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Year of 52 Books #13: The Black Tulip

The Black Tulip by Alexandre Dumas, père

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I love the idea of gardening but I am an irredeemable plant-killer.

I can back up this assertion.

Ninth-grade biology was traumatizing in many ways (anyone else who took Mr. Ekberg’s class can attest to this), but one of the assignments I actually was looking forward to was the project for the asexual reproduction unit. We had to grow and tend an asexually-reproducing plant and keep it alive until it reproduced asexually (yes, I am deriving a disproportionate amount of amusement from typing “asexual” so many times. In some ways I might still be in ninth grade).

“If you’re not so great with plants,” Mr. Ekberg told us, “try a bryophyllum. They’re pretty much impossible to kill.” My ears perked up. My previous biology project—growing a flower from a seed—had failed spectacularly. Come to think of it, all my elementary school and primary class bean sprouts had met similarly sad fates. Bryophyllum sounded right up my alley.

For those of you who don’t know what a bryophyllum is, it looks a-like this:

Cute, right? All those little flowers on the edges are the asexually-reproduced new plants.

I marched up to Mr. Ekberg’s desk with the other students to get my bryophyllum starter. I cradled it carefully all the way home. This was going to be my first real, successful plant, I just knew it. I’d keep it alive until it reproduced and get an A on my assignment but then I’d also keep it alive FOREVER. This plant was going to come to college with me, just you wait and see. Hadn’t the teacher said they were impossible to kill? Yes. Yes, he had. He had even gone further: “If you can manage to kill a bryophyllum, you should probably just give up on plants altogether.”

Well, I did get an A on my assignment. Two days later the bryophyllum went from beautiful, A-grade flowering to brown, dry, dead practically overnight.

I pretty much gave up on plants altogether. Except in books. Because, as we know, the plants in books cannot die merely from being in my presence. (They may not have taught you that in biology, but I am here to share important tidbits like that.) This is part of the reason why I like books which feature gardens or plants or growing things.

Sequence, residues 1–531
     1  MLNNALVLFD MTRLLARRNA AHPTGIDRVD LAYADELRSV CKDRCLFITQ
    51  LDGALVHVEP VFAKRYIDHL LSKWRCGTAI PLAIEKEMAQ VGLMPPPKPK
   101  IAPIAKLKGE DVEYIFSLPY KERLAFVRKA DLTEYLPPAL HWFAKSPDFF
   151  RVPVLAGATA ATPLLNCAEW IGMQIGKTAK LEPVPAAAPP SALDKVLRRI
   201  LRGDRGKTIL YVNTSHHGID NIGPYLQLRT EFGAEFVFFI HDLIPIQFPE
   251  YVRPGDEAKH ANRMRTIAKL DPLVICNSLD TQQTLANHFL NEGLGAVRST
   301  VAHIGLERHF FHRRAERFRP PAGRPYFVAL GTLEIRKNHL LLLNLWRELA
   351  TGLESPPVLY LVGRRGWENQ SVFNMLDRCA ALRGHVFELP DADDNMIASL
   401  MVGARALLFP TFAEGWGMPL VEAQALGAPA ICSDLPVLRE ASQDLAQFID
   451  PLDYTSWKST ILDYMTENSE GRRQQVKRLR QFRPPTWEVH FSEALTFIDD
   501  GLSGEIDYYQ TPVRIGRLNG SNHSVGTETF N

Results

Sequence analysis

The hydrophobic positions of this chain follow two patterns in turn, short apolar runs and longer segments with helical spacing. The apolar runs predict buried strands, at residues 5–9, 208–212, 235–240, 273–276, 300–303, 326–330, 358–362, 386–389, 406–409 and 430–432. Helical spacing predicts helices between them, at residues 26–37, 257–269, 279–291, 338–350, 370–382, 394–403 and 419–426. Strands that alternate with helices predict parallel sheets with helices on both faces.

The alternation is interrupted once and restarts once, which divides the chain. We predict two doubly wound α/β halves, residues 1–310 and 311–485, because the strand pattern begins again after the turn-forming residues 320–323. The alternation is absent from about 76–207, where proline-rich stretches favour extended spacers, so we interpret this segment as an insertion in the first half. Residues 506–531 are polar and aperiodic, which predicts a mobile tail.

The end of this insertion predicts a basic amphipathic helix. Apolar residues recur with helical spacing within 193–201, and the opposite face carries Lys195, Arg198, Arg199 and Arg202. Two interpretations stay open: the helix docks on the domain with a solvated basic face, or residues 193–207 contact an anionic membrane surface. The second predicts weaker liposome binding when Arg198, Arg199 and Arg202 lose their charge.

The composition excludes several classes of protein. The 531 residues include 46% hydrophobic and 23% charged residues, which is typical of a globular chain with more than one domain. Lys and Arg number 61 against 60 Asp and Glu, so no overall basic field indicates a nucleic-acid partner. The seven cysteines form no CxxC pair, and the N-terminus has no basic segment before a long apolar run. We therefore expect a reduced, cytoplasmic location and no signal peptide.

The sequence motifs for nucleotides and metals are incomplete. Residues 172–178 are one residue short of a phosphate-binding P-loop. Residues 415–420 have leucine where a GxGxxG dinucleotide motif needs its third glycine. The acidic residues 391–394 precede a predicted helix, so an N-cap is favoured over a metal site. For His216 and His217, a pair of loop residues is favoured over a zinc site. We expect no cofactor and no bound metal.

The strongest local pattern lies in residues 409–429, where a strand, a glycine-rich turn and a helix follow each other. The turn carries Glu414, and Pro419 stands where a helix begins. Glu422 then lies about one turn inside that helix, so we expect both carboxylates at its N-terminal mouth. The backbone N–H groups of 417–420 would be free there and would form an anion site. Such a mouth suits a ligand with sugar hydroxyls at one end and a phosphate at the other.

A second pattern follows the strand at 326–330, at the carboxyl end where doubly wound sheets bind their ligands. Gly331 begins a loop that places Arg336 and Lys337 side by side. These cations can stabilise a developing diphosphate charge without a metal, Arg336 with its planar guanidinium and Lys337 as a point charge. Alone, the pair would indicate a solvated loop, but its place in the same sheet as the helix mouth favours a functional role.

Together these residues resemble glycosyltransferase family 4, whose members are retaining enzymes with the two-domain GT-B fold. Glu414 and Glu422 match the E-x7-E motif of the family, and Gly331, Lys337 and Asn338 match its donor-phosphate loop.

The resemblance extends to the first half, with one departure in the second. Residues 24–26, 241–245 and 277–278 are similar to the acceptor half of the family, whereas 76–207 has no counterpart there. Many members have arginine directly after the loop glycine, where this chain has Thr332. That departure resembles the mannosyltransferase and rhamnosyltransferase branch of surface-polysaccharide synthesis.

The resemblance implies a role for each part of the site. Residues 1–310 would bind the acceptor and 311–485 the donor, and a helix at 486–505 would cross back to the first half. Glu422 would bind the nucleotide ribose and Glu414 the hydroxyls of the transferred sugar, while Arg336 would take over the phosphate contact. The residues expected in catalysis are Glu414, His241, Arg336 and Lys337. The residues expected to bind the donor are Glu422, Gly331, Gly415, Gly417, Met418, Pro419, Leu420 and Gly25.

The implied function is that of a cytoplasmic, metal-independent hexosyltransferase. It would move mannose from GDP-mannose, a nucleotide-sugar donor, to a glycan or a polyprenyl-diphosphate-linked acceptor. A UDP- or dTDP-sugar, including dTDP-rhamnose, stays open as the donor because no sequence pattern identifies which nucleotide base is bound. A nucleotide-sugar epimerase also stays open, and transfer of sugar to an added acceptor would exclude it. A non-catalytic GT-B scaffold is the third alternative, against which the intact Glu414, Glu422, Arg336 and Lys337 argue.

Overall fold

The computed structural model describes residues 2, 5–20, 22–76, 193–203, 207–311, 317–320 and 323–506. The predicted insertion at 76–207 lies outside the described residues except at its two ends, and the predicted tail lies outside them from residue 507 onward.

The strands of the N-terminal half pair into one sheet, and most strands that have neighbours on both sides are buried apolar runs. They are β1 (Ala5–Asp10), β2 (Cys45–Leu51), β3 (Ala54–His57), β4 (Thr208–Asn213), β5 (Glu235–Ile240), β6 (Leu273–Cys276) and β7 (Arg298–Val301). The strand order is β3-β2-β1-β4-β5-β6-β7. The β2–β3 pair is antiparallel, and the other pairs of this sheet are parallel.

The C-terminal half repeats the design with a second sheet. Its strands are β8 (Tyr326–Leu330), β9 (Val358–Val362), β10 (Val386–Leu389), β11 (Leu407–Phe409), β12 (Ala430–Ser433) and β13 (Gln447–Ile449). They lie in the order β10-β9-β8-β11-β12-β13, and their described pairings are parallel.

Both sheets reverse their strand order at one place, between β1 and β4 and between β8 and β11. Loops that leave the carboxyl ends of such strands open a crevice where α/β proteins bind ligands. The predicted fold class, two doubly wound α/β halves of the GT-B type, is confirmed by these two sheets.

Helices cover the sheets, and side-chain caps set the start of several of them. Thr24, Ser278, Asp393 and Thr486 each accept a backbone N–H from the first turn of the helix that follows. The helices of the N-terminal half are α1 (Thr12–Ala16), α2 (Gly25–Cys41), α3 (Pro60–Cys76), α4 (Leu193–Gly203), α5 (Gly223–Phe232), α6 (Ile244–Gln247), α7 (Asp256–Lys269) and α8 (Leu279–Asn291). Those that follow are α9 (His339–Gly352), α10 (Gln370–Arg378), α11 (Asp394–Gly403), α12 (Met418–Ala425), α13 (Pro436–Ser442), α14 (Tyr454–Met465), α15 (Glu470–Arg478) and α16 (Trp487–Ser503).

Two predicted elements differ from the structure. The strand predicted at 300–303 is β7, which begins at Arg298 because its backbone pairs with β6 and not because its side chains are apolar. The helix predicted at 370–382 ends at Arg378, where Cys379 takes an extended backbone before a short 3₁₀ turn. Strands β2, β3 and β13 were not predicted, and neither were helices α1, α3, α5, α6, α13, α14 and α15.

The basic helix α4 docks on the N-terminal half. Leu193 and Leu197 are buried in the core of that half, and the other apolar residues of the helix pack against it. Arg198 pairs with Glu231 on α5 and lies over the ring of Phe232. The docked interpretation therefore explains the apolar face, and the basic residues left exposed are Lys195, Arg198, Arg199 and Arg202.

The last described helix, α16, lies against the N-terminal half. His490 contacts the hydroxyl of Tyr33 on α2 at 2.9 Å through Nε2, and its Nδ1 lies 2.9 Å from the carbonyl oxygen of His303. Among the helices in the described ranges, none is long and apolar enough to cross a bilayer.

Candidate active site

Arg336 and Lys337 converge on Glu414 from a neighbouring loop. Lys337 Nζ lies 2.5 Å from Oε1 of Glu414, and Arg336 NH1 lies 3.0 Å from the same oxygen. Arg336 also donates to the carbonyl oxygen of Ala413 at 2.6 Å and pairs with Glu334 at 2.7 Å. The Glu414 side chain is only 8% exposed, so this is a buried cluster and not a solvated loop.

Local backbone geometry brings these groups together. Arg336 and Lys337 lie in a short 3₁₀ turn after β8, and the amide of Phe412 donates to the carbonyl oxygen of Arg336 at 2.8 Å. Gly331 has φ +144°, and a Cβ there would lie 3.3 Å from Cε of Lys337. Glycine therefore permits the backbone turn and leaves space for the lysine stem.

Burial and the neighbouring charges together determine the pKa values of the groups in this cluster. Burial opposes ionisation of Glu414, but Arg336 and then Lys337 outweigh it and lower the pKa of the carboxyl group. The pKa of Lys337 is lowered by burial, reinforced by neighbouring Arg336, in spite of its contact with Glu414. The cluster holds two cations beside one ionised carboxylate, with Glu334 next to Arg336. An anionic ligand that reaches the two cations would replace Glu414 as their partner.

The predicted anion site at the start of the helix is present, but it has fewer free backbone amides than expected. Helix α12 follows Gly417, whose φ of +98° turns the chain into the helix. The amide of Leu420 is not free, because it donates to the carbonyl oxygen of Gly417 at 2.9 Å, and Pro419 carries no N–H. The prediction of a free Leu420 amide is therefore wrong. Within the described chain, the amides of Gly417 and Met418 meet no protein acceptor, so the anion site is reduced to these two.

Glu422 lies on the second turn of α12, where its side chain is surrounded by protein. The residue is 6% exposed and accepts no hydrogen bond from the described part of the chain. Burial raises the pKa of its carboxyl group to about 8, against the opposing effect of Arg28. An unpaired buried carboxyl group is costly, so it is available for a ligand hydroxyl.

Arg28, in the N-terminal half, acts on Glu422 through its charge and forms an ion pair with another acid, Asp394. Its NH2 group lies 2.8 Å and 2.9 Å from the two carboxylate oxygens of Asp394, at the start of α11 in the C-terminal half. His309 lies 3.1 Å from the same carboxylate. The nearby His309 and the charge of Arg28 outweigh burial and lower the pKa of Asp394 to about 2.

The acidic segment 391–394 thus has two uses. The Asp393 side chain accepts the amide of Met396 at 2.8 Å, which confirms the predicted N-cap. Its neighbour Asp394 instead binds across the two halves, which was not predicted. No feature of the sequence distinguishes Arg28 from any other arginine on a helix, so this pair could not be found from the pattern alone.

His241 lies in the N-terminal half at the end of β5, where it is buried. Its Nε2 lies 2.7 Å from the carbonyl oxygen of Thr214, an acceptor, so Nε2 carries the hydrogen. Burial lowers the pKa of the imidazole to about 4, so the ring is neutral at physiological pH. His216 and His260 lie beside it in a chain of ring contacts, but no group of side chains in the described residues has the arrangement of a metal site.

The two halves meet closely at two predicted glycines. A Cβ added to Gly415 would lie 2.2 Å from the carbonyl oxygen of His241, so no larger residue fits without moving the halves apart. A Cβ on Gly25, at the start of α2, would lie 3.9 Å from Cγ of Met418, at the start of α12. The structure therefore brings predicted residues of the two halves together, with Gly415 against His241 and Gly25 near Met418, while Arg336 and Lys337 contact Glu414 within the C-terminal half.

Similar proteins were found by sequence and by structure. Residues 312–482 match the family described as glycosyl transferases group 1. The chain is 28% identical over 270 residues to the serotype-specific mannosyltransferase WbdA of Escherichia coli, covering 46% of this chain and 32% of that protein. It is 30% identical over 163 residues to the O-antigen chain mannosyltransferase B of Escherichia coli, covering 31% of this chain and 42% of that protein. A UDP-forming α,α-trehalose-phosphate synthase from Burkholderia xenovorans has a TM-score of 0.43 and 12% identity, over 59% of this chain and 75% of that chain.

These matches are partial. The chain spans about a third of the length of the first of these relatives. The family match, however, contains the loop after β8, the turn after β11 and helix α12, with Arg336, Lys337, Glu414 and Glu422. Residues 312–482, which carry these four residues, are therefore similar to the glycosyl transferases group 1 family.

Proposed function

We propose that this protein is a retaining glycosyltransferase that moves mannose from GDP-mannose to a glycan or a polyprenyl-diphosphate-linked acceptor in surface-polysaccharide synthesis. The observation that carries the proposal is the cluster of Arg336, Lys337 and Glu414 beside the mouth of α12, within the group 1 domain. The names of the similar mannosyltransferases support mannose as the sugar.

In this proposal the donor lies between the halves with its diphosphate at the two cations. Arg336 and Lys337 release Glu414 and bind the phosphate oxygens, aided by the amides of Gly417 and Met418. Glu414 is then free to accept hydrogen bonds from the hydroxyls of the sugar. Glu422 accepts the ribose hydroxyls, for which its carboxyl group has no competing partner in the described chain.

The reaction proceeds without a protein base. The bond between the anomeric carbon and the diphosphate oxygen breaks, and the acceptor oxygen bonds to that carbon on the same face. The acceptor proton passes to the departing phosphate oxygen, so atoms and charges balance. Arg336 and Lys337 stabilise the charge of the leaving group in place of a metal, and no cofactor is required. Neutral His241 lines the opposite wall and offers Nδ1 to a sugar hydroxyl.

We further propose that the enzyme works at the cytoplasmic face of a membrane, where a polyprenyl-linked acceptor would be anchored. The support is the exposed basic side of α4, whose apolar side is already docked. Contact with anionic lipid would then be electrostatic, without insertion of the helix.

So I was excited for this book. It was another book club read. Kristen already described it (aptly) as a horticultural thriller. It follows the efforts of a tulip breeder, Cornelius, to create a perfect black tulip and win the national prize. He must battle his neighbor’s jealous efforts to thwart Cornelius and steal the prize for his own. He must deal with false imprisonment. He must learn to balance his love of tulips with his love of Rosa, the prisonkeeper’s daughter. And he must not get too entangled in political drama. Can he do it? Will his fortunes and love affairs flower like a prize black tulip or wither like my ninth-grade bryophyllum? Will the reader accidentally learn some history on the way? Will good times be had by all?

This book moved much more quickly than the other Dumas works I’ve read, but felt slightly less richly developed. It was still an enjoyable read and I recommend it to anyone else who, like me, dreams of the flowers they cannot grow. Or, you know, who just likes a good horticultural thriller. Three stars.

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Year of 52 Books #10: Life of Pi

Life of Pi, by Yann Martel

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Surprisingly, this was not a re-read for me. I know this book has been around forever and I had been hearing of it for a long time. What may be more surprising, though, is that with all the buzz, I really didn’t know anything about the plot going into this book. I picked it up as a Kindle Daily Deal (oh, KDD, how I love thee!) because I like buying titles I recognize for cheap as free.